Joe Louis Clark, the no-nonsense high school principal who inspired the movie Lean on Me, has died at the age of 82. Clark is now a part of the long list of beloved icons who’ve passed away in 2020.
According to a family statement, Clark passed away Tuesday at home in Gainesville, Fla., after a long battle with an undisclosed diagnosis. Before passing, Clark was surrounded by his family when he succumbed to his long battle with the illness, the statement said.
“Rest In Peace Dad…. I am so grateful for your never ending love,” one of his daughters, former Olympic runner Hazel Clark, wrote on Twitter.
Morgan Freeman portrayed Clark in the 1989 film, which recounted his businesslike efforts to improve Eastside High School in Paterson, NJ.
Morgan Freeman Fondly Remembers Joe Clark
Freeman recalled how Clark was pivotal in getting students to cooperate while shooting scenes.
“He got up in front of the students and said, ‘You know, they’re going to be making the picture, and we are the stars. So let’s give them every help we can.’ And by George, that’s what they did,” Freeman said.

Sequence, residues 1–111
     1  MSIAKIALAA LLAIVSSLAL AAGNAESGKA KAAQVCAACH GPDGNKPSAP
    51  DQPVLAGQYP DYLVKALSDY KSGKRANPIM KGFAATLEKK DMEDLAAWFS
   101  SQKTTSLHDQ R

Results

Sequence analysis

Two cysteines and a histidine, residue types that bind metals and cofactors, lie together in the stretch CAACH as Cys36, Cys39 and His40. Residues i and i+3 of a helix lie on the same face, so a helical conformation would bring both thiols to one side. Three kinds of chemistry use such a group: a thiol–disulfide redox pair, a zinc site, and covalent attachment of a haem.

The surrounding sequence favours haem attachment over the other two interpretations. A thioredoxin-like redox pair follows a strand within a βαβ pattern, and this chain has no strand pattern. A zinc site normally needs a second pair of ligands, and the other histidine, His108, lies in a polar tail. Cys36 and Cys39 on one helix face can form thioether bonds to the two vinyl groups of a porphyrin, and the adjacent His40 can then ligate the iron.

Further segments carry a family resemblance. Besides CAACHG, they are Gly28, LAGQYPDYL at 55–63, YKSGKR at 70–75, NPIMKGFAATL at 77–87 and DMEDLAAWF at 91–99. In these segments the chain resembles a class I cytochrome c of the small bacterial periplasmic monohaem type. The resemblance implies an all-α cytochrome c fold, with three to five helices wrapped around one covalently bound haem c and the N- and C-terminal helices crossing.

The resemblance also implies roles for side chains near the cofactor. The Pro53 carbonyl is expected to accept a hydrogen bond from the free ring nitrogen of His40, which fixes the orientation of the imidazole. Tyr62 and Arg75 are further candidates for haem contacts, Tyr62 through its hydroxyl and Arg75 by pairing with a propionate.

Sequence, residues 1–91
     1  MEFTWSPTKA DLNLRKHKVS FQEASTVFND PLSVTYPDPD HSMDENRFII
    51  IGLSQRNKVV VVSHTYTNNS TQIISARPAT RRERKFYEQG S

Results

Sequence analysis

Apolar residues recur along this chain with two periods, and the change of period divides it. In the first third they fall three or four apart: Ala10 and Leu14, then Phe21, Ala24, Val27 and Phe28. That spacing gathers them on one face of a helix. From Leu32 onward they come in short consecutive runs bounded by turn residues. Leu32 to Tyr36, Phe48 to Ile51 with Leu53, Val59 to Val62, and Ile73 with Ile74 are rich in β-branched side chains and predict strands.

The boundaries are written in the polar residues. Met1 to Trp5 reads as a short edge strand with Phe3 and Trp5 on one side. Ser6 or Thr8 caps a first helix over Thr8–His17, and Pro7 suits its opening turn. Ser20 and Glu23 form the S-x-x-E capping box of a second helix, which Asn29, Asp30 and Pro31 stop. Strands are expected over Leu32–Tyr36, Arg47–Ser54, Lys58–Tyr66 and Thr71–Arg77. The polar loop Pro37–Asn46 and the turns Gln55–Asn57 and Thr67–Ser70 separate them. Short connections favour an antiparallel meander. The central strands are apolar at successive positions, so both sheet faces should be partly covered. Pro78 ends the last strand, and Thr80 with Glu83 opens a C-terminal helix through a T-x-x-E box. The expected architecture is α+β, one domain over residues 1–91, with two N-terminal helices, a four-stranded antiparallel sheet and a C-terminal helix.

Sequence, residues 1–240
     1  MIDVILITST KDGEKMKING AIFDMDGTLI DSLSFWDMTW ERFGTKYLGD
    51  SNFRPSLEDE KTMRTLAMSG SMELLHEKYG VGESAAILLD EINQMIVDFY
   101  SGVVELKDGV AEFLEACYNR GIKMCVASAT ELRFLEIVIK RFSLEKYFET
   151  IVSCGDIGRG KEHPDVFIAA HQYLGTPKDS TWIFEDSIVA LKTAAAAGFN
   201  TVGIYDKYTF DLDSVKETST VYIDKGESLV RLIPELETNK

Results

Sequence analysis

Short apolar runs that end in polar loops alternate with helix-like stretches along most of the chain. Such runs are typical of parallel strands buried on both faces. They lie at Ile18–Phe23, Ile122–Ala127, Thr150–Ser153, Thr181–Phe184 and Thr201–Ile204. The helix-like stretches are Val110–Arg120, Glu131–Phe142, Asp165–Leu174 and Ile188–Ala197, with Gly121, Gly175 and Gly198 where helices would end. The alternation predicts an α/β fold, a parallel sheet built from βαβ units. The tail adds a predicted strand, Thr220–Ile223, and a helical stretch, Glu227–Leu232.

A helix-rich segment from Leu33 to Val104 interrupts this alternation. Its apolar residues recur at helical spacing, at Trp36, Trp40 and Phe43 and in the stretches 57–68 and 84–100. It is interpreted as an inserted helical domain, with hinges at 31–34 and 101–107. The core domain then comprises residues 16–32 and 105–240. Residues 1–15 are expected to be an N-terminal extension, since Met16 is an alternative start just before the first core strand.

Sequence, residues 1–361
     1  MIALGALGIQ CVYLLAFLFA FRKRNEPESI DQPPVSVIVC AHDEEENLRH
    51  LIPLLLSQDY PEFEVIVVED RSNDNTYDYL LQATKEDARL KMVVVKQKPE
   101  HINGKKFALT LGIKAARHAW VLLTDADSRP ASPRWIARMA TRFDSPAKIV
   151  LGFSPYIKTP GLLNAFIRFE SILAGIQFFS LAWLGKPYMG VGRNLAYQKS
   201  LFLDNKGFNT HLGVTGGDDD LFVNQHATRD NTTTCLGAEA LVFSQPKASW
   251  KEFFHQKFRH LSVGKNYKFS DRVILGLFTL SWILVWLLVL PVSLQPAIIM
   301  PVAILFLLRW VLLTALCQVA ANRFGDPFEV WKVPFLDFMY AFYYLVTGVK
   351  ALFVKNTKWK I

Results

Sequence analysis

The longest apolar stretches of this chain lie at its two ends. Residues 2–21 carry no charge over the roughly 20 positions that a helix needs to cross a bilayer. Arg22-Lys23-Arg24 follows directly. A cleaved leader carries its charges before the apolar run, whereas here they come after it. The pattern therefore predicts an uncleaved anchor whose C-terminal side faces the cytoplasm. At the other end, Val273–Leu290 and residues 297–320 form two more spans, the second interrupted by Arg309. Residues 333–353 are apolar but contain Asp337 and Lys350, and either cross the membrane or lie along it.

Before Clark became the principal, many students riddled the school with crime and drug use.
This activity came to a screeching halt when the former Army Reserve sergeant and drill instructor came on the scene. Clark once expelled 300 students in one day for fighting, vandalism, abusing teachers, and drugs.
“Roaming the hallways with a bullhorn and a baseball bat, Clark’s unorthodox methods won him both admirers and critics nationwide,” the statement said.
Clark appeared on the cover of Time magazine in 1988 before the movie’s subsequent release in 1989. Clark also published a book, “Laying Down the Law,” about his educational approach at the Paterson high school.
Even though his discipline style earned him national headlines and made him controversial as some felt he was too aggressive, his supporters often justified his action by pointing to positive results.
After he retired, Clark moved from South Orange, New Jersey, to Gainesville, Florida, the family said.
“Paterson has lost a legend,” Paterson Mayor Andre Sayegh said. “Joe Clark spoke strongly and carried a big stick. If anyone needs to see what type of positive impact he had on his students, then I suggest they watch, Lean on Me.“
On Wednesday, New Jersey Gov. Phil Murphy paid tribute to Clark for having “dedicated his life to educating New Jersey’s youth.”
“He will be missed,” he tweeted.